Sturt defeated North Adelaide by 37 points with Sturt’s Oliver Cheesman best with 24 disposals including two goals, with underager Jed McEntee also getting two goals to go with his seven clearances, seven tackles and 25 disposals. Sturt ruckman James Braidwood continued to impress again. Weekly MVP winner and midfielder Boyd Woodcock was best on ground for the Roosters with 43 disposals, including an incredible 18 clearances, even more special considering Sturt had a team total of 33 clearances. Father-son prospect Jackson Antrobus got himself into the best for North with a goal and 18 possessions.

Aaron Nietschke was best in Central’s 27-point over West Adelaide, with 29 disposals, nine marks and seven inside 50s. West’s Ethan Moore was their best with 32 disposals, including a goal and 11 marks. In a thriller, Norwood defeated Glenelg by one point after scores were tied in the dying seconds of the game. AFL Academy player Luke Valente was in Norwood’s best with 26 disposals including a goal, nine clearances and an outstanding 12 tackles. Jed Spence was also strong with 31 disposals and nine tackles. For Glenelg, Seb Schrieber was best with 22 disposals including seven tackles and Finn Betterman added another strong game including eight inside 50 entries

In other news around the state, 2017 SA State Champions Prince Alfred College (PAC) played Haileybury (2017 APS Victorian Premiers) in Melbourne on Friday as part of their preseason. The SA champs won comfortably 88 to 37, led by captain Tom Sparrow. 

Zac Bailey – who played for Norwood and PAC last year – debuted for the Brisbane Lions on Saturday in their loss to Richmond. Zac now joins Fremantle’s Mitch Crowden, Adelaide’s Darcy Fogarty and Port’s Dom Barry as SA 2017 draftees to have debuted this season so far.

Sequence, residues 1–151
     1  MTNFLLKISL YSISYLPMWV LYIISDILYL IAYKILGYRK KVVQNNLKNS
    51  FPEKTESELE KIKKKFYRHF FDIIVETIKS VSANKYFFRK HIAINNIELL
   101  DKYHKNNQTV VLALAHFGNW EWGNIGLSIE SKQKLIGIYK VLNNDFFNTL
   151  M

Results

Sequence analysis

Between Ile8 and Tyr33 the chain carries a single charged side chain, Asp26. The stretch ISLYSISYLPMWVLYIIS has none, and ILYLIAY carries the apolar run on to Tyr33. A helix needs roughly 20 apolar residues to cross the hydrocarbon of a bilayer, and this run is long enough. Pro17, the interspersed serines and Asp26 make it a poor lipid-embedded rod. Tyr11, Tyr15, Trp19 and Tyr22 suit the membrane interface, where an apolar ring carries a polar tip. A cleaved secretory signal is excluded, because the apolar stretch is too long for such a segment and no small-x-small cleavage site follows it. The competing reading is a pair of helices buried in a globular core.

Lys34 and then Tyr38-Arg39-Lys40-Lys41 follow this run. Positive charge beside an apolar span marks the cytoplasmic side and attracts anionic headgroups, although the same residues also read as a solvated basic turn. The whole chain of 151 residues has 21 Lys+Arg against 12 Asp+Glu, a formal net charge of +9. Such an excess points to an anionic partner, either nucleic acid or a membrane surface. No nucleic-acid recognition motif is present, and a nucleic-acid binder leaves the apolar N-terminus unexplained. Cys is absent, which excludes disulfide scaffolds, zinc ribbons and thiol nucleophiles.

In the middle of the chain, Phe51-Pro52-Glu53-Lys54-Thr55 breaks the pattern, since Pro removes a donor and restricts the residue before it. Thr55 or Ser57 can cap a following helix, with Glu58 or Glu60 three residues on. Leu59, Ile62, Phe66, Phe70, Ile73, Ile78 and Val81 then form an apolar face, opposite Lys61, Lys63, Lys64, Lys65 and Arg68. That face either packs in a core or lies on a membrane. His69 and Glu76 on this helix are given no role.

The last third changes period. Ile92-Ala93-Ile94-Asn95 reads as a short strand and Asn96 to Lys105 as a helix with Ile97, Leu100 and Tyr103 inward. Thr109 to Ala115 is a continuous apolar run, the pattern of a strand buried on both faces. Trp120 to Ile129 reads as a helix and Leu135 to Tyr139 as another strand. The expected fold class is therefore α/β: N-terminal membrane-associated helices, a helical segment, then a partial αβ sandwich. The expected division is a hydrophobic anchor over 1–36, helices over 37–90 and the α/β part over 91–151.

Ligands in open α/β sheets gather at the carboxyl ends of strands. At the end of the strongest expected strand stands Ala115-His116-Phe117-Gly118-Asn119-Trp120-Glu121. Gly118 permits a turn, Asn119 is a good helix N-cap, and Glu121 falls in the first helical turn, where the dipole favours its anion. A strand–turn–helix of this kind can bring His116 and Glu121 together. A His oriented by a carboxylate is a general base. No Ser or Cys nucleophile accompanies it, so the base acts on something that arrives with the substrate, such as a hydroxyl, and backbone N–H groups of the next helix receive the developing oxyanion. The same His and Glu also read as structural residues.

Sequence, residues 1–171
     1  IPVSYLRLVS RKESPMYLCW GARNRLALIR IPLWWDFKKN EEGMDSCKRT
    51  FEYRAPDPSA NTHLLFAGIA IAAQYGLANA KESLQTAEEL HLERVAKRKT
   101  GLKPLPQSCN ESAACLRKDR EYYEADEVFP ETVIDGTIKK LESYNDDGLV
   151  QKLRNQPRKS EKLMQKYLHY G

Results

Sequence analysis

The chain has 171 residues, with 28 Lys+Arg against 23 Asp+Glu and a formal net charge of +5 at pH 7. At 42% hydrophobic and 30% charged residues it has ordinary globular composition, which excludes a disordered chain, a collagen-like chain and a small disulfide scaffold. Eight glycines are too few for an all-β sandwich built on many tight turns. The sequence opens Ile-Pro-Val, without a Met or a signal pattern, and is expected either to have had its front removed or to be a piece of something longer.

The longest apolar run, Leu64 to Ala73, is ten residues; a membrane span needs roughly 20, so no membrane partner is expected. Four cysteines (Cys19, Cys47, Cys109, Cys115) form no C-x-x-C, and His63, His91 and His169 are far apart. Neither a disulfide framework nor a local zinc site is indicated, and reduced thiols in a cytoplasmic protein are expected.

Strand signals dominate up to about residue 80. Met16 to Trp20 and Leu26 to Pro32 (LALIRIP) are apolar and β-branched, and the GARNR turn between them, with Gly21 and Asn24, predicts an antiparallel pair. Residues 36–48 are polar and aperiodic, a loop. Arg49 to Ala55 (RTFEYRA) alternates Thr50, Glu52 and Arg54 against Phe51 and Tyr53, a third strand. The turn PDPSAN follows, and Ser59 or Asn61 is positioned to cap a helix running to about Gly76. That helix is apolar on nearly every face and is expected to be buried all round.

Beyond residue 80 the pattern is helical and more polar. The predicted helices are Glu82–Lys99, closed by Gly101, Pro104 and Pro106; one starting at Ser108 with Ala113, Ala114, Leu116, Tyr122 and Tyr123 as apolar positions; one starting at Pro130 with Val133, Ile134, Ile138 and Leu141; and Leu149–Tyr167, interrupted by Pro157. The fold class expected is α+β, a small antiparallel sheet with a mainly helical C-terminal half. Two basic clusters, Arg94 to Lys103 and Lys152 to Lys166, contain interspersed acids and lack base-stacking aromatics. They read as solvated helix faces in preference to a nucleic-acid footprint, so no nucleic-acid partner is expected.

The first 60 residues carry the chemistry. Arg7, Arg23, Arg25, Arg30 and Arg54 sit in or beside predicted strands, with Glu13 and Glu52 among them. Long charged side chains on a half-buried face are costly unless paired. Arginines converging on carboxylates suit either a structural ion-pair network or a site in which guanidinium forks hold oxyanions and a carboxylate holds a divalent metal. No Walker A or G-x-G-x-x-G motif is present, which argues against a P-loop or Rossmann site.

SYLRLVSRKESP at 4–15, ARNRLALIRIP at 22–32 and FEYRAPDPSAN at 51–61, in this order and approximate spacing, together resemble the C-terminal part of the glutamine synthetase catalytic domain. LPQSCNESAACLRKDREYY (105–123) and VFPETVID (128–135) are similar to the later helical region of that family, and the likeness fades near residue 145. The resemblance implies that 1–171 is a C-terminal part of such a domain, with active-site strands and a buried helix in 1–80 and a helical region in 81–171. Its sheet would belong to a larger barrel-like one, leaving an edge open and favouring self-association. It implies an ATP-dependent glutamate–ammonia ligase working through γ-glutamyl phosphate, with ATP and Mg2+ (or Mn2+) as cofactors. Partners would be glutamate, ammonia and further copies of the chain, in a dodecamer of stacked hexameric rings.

Keeping tabs: Standout draftees from Round 2

ROUND two provided many young draftees with the chance to improve upon their debut games. With nine clubs playing in front of their home crowd for the first time in 2018, fans finally got to see their new players up close. Many of the draftees put in some greatly improved performances this Easter Weekend. 

Luke Davies-Uniacke 

Davies-Uniacke impressed for North Melbourne in their Good Friday victory over St.Kilda. In what was certainly a scrappy game, ‘LDU’ laid five tackles, had 16 disposals and took three marks. His delivery by foot was excellent, recording a disposal efficiency of 75 per cent. Having spent time as an outside and inside midfielder, Davies-Uniacke’s in-and-under stoppage work was a highlight, totalling four clearances whilst also managing nine contested possessions. In what could be a tough year for the Kangaroos, Luke Davies-Uniacke will certainly give fans something to get excited about for the future.